#5. Seattle, WA


Seattle, Washington is always on the list for the healthiest cities in the United States. This is clearly a boon for new nursing graduates. Due to the focus on healthcare and overall wellness, the employment for nurses remains steady. The economy has been more stable than other parts of the country and there has been job growth in industries such as technology and health care.

Cost of Living

It’s true that the cost of living is on the higher side in comparison to some of the other cities. The median home price in Seattle, Washington is approximately $350,000 and the salary is close to $50,000*. Utilities tend to be cheaper as there is no need for air conditioning during the summer months.


The Emerald city is filled with art, culture, education, mountains, islands, museums and much more. The transportation system includes a comprehensive bus system and trains. They boast a large number of trails, outdoor spaces, and it’s typically known as an area that is ideal for those that love the outdoors. The weather is moderate and rainy throughout much of the year.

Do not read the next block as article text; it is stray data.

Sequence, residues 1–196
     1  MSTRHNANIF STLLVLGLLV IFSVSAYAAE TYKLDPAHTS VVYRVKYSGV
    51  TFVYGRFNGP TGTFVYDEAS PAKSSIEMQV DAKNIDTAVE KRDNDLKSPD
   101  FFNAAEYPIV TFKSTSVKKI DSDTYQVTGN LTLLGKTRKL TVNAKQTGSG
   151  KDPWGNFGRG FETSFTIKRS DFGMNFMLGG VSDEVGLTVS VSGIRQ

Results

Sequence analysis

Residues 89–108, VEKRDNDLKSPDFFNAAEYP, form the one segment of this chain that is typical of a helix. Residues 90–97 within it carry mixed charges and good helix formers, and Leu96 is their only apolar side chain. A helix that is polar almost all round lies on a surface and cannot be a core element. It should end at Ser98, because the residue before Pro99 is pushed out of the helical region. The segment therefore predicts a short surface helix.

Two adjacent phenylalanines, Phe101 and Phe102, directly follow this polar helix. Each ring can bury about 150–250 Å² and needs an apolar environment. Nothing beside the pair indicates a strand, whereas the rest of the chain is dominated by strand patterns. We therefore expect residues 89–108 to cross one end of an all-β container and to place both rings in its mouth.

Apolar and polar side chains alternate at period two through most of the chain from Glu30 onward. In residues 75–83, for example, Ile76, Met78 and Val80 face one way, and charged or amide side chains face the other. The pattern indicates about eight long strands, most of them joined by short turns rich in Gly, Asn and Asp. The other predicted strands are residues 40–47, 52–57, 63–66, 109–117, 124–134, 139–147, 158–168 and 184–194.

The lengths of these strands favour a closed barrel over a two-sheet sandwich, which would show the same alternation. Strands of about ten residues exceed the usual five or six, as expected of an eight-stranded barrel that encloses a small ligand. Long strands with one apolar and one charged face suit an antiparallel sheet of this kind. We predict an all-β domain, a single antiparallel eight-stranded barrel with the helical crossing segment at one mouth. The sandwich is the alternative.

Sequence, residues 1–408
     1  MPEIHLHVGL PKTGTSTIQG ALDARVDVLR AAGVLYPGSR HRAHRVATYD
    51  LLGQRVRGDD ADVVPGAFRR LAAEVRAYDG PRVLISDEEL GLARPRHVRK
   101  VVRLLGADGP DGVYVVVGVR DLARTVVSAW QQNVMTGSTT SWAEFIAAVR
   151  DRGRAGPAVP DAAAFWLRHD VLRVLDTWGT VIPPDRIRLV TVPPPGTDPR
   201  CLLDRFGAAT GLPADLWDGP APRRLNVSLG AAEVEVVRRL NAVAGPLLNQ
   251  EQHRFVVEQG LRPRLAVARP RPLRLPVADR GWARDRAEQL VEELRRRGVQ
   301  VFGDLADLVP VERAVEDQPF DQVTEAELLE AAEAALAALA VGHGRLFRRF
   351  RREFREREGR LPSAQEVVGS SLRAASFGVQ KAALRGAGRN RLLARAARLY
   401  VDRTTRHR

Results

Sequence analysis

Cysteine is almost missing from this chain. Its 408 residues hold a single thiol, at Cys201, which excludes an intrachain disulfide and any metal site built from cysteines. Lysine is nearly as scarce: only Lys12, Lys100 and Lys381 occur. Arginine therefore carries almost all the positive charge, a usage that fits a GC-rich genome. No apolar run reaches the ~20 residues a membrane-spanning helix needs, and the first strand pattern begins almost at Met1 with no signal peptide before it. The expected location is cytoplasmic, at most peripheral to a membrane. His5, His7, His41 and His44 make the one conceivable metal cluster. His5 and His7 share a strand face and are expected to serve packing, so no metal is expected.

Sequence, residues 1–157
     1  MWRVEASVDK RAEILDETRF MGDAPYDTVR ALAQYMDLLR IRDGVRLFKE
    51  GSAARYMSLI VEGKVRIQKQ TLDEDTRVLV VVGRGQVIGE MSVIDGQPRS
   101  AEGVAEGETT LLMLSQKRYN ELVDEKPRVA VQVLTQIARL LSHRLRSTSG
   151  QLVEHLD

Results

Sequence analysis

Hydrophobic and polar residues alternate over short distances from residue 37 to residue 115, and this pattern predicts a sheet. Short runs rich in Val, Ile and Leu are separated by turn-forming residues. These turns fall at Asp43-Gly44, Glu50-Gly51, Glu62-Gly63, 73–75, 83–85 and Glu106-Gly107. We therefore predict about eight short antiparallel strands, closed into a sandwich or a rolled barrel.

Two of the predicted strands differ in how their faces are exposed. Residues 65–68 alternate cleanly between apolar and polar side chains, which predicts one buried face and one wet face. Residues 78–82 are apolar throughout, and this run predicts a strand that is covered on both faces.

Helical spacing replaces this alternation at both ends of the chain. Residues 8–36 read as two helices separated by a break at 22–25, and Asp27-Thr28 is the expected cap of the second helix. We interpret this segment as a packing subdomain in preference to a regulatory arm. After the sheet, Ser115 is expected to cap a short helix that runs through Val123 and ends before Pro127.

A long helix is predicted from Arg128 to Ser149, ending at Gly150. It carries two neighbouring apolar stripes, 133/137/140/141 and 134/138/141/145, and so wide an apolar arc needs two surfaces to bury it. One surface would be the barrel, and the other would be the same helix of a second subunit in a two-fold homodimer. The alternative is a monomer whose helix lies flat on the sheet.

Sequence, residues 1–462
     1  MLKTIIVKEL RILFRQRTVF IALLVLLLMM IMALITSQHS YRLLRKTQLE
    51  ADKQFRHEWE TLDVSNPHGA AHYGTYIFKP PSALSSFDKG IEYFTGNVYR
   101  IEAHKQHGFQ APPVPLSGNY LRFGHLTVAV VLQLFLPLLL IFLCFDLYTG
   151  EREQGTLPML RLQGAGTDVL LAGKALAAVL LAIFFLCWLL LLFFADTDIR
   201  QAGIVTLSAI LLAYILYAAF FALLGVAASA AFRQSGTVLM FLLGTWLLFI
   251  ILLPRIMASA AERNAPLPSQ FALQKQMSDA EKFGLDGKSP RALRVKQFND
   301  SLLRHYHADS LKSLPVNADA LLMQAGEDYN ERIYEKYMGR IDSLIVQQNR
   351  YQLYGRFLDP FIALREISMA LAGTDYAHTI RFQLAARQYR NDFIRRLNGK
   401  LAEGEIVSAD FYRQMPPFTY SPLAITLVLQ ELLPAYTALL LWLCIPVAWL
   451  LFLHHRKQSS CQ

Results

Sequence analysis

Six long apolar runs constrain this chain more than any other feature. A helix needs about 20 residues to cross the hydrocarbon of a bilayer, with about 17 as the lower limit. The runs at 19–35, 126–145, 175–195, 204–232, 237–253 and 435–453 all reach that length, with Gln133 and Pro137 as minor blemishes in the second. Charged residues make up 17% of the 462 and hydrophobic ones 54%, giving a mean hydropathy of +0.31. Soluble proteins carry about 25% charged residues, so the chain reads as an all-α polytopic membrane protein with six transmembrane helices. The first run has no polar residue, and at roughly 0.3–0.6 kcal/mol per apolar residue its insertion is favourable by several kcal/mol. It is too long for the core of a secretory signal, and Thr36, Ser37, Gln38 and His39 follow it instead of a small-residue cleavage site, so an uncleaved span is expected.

* Salary data used in this article was sourced from Bls.gov (US Bureau of Labor Statistics)

The Highest Paying Jobs for Nursing School Graduates

nursing jobRegardless of the economy, good medical practitioners will always be needed and wanted. Being a clinician is not only a noble profession, it can be a prosperous one.